The pandemic has taken a heavy toll on the nation’s mental health, and a new issue brief shows that children are also facing worsening emotional and cognitive health. The brief examines factors contributing to worsening mental health and substance use outcomes among children and adolescents during the pandemic, looking closely at those who are at higher risk for negative mental health impacts, such as LGBTQ youth and children of color. A review of recent research finds:
- More than 25% of high school students reported worsening emotional and cognitive health and over 20% of parents with children ages 5-12 reported similar worsening conditions for their children.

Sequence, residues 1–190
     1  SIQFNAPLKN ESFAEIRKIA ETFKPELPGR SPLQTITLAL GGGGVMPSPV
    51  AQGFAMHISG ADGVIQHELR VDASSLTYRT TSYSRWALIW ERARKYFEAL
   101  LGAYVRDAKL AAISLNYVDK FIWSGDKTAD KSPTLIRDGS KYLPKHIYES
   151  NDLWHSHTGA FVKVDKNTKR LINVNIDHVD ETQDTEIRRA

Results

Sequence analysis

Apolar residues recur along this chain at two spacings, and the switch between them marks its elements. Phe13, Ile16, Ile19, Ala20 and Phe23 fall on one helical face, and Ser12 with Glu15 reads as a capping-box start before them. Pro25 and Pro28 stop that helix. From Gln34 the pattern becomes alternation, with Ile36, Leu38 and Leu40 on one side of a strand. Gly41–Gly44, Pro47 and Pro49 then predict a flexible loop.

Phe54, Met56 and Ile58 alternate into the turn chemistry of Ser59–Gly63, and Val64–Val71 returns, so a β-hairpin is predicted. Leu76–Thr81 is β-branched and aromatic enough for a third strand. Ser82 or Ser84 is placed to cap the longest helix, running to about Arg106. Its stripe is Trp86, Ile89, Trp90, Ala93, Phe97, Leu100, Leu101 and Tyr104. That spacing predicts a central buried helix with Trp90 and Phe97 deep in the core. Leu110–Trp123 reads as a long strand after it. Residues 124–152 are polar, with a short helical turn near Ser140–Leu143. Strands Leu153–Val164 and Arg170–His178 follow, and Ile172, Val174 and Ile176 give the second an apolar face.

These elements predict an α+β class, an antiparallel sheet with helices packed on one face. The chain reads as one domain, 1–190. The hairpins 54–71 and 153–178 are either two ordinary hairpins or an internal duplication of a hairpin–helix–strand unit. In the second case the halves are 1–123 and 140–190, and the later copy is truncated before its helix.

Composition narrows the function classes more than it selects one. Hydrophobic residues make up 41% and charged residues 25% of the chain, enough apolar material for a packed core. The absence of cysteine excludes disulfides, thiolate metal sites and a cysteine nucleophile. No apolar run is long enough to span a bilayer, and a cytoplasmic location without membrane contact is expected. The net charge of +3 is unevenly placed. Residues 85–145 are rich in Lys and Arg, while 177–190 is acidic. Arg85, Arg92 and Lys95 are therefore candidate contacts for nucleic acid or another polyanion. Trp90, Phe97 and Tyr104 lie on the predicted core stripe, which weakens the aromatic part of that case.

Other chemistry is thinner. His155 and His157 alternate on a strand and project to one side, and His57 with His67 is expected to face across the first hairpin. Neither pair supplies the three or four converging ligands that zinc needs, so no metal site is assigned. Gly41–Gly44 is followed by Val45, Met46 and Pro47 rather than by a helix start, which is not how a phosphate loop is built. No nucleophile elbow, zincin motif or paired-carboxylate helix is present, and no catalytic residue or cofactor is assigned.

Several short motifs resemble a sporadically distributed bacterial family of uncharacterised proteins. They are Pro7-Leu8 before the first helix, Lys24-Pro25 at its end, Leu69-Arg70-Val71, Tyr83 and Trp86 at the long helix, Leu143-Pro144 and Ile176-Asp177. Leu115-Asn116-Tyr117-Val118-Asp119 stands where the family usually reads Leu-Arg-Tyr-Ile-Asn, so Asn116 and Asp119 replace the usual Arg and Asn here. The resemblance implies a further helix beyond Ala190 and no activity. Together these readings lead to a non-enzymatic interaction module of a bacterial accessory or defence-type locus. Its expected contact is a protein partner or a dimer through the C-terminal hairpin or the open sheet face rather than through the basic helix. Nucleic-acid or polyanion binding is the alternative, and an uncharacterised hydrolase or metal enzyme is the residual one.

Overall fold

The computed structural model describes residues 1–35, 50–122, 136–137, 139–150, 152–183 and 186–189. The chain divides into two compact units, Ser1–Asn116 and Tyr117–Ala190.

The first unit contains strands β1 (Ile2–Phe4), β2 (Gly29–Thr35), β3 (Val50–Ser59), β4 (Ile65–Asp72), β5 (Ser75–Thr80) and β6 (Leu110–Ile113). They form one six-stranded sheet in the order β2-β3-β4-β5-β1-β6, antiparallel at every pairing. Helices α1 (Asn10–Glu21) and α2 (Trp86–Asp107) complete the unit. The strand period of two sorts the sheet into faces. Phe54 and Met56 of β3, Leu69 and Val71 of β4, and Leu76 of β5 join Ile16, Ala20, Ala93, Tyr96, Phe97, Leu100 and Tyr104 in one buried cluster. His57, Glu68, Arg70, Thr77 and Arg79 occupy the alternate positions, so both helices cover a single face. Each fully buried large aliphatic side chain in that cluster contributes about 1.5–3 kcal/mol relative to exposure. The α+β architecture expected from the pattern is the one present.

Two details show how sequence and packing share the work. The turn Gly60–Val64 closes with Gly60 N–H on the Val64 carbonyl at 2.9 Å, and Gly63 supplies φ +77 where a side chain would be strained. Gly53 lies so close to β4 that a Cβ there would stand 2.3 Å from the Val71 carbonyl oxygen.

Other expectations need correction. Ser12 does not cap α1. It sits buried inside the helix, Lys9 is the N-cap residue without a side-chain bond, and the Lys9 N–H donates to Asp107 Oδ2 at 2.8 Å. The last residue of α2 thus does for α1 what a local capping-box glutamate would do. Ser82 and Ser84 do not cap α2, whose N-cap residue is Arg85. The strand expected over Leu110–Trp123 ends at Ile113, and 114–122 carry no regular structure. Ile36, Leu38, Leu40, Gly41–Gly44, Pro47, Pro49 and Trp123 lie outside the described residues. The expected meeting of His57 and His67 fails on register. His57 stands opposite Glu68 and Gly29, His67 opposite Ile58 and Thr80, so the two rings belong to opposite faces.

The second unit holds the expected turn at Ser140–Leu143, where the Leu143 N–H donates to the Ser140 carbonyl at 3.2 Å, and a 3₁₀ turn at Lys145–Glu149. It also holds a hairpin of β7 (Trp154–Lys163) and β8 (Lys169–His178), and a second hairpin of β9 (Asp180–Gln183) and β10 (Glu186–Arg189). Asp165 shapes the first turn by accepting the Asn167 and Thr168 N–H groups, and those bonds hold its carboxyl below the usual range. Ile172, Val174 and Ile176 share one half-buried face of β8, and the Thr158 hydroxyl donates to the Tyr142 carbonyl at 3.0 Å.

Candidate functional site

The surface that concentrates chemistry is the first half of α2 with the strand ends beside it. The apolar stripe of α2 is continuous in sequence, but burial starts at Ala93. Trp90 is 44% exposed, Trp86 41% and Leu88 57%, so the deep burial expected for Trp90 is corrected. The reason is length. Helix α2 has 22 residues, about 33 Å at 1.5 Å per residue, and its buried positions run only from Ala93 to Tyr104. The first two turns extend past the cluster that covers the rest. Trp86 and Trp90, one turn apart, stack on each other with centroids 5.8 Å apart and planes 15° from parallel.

- There has been a large decline in pediatric mental health care usage since the start of the pandemic. While access to mental health services via telehealth has increased, mental health services via schools likely decreased with closures. Among Medicaid and Children’s Health Insurance Program (CHIP) beneficiaries under the age of 18, the number of children receiving mental health services dropped by 50% from February to October 2020.
- In addition to loneliness and isolation in light of public health safety measures, the poor mental health of parents could be a contributing factor in negative mental health outcomes for children.
The brief also notes several provisions of the recently passed American Rescue Plan Act that support pediatric mental health care services and other programs, as well as relevant provisions in other proposed legislation.
KFF also has state-specific data on mental health and substance use on more than 20 indicators, with mental health state fact sheets available profiling each state.